Take me home… Whitehorse’s Luke Doucet follows the country road back to Winnipeg

Luke Doucet has a new appreciation for Joni Mitchell’s famous lyric, “You don’t what you’ve got till it’s gone.”

Read this article for free:


Already have an account? Log in here »

To continue reading, please subscribe with this special offer:

All-Access Digital Subscription

$4.75 per week*

  • Enjoy unlimited reading on
  • Read the E-Edition, our digital replica newspaper
  • Access News Break, our award-winning app
  • Play interactive puzzles

*Pay $19.00 every four weeks. GST will be added to each payment. Subscription can be cancelled anytime.

Luke Doucet has a new appreciation for Joni Mitchell’s famous lyric, “You don’t what you’ve got till it’s gone.”

The singer-guitarist, who plays in the Americana duo Whitehorse with his wife, Melissa McClelland, brought his family to Winnipeg this summer to live so they could spend time with his ailing mother, Margaret Ormond.

Ormond, who was the longtime executive director of Sunshine House, the resource centre and community drop-in that focuses on on social inclusion and harm reduction, died Aug. 19.

Amid the sadness, Doucet has gained a new love of a city he left behind 30 years ago to join Sarah McLachlan’s band in Vancouver.

Concert preview


With Jesse Northey

  • Saturday, 8 p.m.
  • Park Theatre, 698 Osborne St.
  • Tickets: $43.45-$48.45, including fees, at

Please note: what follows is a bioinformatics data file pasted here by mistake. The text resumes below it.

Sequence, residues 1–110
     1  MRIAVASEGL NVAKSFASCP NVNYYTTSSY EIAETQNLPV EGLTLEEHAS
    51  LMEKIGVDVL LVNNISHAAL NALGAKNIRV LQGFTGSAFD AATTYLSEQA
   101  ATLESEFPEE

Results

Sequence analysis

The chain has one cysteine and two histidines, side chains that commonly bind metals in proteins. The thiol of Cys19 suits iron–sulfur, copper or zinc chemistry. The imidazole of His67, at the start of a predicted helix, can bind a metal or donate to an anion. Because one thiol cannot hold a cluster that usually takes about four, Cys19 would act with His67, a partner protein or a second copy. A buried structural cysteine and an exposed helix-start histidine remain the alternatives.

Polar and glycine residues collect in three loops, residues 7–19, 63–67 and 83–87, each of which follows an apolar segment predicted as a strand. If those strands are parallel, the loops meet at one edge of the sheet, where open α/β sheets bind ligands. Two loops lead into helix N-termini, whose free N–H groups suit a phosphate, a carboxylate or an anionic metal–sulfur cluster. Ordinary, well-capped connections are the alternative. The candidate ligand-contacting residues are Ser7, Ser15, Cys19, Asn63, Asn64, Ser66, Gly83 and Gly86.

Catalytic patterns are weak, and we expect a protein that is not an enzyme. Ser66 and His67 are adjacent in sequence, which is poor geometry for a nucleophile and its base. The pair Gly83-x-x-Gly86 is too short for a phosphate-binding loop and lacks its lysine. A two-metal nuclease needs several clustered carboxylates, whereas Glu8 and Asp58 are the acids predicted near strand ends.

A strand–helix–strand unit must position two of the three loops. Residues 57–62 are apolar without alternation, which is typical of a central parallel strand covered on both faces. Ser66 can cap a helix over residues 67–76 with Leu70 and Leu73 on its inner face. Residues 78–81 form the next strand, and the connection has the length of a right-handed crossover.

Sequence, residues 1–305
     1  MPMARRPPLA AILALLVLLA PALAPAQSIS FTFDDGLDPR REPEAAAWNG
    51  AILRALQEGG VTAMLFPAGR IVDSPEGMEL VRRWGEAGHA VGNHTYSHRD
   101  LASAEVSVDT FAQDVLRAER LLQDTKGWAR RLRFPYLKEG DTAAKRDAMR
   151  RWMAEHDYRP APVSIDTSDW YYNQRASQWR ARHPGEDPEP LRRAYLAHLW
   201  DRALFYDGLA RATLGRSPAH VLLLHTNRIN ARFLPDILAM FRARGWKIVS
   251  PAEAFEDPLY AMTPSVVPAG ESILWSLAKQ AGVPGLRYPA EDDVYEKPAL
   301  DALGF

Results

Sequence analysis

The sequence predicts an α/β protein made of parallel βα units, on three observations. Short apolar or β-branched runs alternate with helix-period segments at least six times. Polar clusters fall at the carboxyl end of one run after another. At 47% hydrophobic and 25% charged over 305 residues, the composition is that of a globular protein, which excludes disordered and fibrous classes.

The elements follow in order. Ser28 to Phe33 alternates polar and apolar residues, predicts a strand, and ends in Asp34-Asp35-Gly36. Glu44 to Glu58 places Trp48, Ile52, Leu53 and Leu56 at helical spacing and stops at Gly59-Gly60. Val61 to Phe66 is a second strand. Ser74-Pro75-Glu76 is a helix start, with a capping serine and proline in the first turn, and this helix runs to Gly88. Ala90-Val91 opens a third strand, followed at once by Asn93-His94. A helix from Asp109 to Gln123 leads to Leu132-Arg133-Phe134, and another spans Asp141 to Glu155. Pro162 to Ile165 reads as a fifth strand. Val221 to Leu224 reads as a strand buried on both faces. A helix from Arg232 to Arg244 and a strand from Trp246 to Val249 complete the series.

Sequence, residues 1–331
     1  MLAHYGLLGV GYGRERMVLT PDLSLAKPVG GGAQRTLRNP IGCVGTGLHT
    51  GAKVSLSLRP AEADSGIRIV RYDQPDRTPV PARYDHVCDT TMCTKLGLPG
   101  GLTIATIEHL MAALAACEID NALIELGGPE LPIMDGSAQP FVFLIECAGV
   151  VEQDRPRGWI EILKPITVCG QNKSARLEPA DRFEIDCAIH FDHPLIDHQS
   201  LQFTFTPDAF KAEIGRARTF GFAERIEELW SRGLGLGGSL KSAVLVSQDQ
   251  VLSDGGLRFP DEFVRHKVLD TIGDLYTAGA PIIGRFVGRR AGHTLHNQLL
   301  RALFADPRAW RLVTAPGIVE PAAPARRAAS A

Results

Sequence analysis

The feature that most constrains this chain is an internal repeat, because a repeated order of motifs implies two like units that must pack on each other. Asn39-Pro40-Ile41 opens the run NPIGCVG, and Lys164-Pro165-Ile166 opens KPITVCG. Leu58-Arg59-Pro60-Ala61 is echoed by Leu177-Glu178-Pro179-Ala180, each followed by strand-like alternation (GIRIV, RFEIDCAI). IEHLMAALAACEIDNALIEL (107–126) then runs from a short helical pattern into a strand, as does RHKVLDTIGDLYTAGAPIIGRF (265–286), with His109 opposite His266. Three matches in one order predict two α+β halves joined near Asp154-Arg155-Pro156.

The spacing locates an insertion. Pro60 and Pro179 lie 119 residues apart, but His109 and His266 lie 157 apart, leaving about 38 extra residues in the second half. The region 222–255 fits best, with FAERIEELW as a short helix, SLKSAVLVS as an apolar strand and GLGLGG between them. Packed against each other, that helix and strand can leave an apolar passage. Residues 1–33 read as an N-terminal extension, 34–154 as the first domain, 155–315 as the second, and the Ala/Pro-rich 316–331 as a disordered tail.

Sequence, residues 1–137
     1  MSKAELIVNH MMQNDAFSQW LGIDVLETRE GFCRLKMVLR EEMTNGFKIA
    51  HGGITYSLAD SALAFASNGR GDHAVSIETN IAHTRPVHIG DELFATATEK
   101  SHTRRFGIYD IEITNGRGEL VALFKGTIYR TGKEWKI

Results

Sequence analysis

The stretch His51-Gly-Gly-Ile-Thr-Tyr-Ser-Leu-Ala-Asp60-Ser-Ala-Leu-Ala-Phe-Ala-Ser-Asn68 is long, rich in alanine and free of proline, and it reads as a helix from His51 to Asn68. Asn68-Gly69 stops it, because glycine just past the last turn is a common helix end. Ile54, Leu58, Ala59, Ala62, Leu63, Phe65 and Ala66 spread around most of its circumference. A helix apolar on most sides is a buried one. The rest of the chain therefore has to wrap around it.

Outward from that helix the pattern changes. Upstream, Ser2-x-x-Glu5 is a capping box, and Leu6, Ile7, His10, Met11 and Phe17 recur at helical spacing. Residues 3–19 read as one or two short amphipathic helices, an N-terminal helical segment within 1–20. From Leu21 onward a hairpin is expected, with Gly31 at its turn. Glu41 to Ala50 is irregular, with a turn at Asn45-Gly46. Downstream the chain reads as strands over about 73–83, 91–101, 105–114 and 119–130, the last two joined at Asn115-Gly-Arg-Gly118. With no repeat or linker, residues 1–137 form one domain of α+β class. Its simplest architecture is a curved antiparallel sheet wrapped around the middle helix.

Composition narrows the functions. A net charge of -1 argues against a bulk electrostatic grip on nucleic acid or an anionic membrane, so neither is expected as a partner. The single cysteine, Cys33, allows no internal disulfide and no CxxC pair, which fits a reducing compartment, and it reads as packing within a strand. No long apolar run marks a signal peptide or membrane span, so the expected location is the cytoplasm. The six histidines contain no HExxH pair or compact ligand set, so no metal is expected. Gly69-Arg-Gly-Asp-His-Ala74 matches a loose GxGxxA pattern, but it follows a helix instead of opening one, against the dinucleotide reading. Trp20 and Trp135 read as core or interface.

On Whitehorse’s Facebook page, Doucet expounds upon the coffee culture on Corydon Avenue, the pickerel burger at One Sixteen restaurant on Sherbrook Street, brunch at Tallest Poppy and nightspots such as the Yellow Dog Tavern or the Handsome Daughter.

“There’s a lot of life and vitality in the city and it sometimes it doesn’t look like that,” says Doucet, who will visit another Winnipeg landmark, the Park Theatre, with McClelland tonight when Whitehorse plays the Osborne Street venue as part of the Winnipeg Folk Festival’s Hear All Year concert series.

“Winnipeg’s taken it on the chin and sometimes you see it from the wrong perspective — like, Winnipeg’s looking pretty rough — but I’m so impressed how beautiful the city’s been,” says Doucet, who got his start in local folk band Acoustically Inclined.

“Obviously, we show up in summertime and Winnipeg’s got its best foot forward, but people are still making incredible art and really committed to doing cool things.”

They enrolled their son Jimi into school in Winnipeg so Doucet says the family is in the city until June, when they will decide what their plans are next.

“I had been coming back for the last three years, sometimes once a month, because I’m close to my brother J.D. (Ormond, also a musician), and my mother and I were pretty tight,” Doucet says. “I don’t need to be sold because I’m such a fan of hanging out, but it’s a bigger ask for people who haven’t grown up here.”

Melissa McClelland, left, and Luke Dourcet at the Juno Awards Nominations event in Toronto in 2019. The band was nominated for Adult Contemporary Album of the Year. (Chris Young / The Canadian Press files)